Wednesday, April 27, 2005

To-morrow, and to-morrow, and to-morrow

The appointment of John Bolton to serve as Ambassador to the United Nations will, contrary to the opinion of many of his ardent defenders, do nothing to prevent the ongoing genocide in Sudan. This is the obvious conclusion to be drawn from his evasive answers to Senator Russ Feingold's questions concerning the genocide that took place in Rwanda. Several bloggers have made the argument, starting from the case laid out by Fred Kaplan in Slate, most forcefully and convincingly by Laura Rozen:

Look, the cause of stopping a genocide or massive humanitarian suffering goes beyond partisan politics. It is something that Americans on the right and left overwhelmingly agree on. It is also something that the US can't do alone. The US ambassador to the UN plays perhaps the most crucial role at the UN in exercising leadership to mobilize support both in Washington, New York, and foreign capitols in overcoming the tremendous obstacles logistical and political to save human life. Darfur presents that kind of challenge today, and Chinese opposition on the Security Council to a more robust intervention is not something Clinton didn't face regarding the Kosovo intervention six years ago. John Bolton has no interest in playing that role of exercising leadership at the UN to save lives. He wants to use it to bash the UN. For people who care about this mission, it should automatically disqualify him. Either it's more important to stop genocide, or it's more important to kick the UN, not both.

I cannot say that I am pleased with the politics of the Bolton nomination. Senator Feingold, in his public statement in opposition to Bolton, made no mention of the Rwandan genocide. If Senator Feingold, an expert on African affairs with presidential aspirations, cannot see it in his interests to publicly make the case that the United Nations must have as its mission the prevention of genocide and other grave crimes against humanity, and that our national interests lie in ensuring that the UN can and will meet this challenge, then one is led to conlcude that as far as our Senators are concerned there is no difference between genocide and halitosis. Both are excrable, but neither can be expected to be met with purposeful, effective action, much less an overarching agenda. The probablity of the Senate truly and actually doing something to prevent genocide is equivalent to the probability of Listerine being shared across the aisle. One can be certain that if a Senator rises to speak out against Bolton on the grounds of his alleged halitosis--and that looks rather likely in the current political climate--that same Senator will not be applying those same high standards of personal hygiene and grooming when the shoe is on the other foot.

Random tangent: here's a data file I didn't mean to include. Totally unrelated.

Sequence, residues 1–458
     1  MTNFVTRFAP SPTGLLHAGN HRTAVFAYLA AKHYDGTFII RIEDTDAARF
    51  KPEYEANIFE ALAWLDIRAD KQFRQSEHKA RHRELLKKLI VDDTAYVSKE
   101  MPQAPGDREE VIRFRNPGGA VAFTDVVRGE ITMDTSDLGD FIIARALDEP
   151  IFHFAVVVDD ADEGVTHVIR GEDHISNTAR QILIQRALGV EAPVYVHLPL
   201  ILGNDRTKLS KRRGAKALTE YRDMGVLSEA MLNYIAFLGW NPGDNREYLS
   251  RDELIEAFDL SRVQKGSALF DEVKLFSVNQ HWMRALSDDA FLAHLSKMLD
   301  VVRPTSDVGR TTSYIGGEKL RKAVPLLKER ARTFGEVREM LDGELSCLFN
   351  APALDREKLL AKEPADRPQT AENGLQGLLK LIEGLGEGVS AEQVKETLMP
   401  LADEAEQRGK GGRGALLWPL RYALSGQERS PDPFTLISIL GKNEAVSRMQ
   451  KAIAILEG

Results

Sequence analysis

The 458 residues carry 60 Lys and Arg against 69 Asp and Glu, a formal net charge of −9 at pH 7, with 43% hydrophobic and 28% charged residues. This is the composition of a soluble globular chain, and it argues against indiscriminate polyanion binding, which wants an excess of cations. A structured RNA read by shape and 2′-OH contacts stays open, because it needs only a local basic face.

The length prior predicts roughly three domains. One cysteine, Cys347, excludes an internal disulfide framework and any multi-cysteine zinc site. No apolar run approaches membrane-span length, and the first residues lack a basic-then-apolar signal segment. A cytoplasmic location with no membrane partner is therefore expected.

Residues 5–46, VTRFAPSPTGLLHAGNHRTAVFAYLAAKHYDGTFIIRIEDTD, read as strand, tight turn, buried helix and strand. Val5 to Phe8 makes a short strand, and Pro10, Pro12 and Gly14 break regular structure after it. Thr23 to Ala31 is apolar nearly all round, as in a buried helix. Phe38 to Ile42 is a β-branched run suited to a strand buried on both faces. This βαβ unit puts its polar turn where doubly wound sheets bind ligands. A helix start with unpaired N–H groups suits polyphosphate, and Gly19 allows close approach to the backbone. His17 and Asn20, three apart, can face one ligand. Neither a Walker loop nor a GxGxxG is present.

For citizens of good conscience this is worse than a conundrum; it just plain sucks. The nearly total disconnect between how a Senator ought to vote and the reasons given for voting in a particular way render such a vote meaningless as a guide to future action (pettiness, gridlock and empty rhetoric notwithstanding). Nevertheless, we are left with a duty to hold our elected officials accountable. Fido the Yak urges you to contact your Senators and let them know how you feel about genocide and crimes against humanity, and what you think is the proper role for the United States to take regarding such matters.

Update: Tacitus cuts straight to the heart of the issue in his post on the Bolton nomination, Wesphalian Man. He treats Bolton more charitably than the sources cited above have, finding evidence of Bolton being both for and against humanitarian intervention; however, he is left with the same sort of doubts:

Where, then, does John Bolton stand? Does he pass the "Rwanda test" of being willing, in retrospect, to intervene there? Does he pass a Darfur test? Does he support the Iraq war rationale which justifies intervention based in part on Ba'athist atrocities? Does he support the Afghan war rational which justifies intervention based in part on Taliban atrocities? There's a lot good about Bolton -- among other things, you'll find few more solid on Taiwan -- but there's enough on this count for concern, and it is something that demands clarifying.

posted by Fido the Yak at 9:53 PM.


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